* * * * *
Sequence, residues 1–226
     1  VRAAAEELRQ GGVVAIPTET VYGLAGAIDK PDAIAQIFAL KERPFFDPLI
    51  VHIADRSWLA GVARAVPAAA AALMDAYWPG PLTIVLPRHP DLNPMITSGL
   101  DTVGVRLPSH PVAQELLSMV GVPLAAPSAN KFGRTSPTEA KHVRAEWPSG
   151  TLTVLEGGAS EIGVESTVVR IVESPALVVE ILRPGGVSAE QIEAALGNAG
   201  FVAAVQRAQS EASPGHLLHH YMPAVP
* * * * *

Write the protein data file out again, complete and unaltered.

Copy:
Sequence, residues 1–226
     1  VRAAAEELRQ GGVVAIPTET VYGLAGAIDK PDAIAQIFAL KERPFFDPLI
    51  VHIADRSWLA GVARAVPAAA AALMDAYWPG PLTIVLPRHP DLNPMITSGL
   101  DTVGVRLPSH PVAQELLSMV GVPLAAPSAN KFGRTSPTEA KHVRAEWPSG
   151  TLTVLEGGAS EIGVESTVVR IVESPALVVE ILRPGGVSAE QIEAALGNAG
   201  FVAAVQRAQS EASPGHLLHH YMPAVP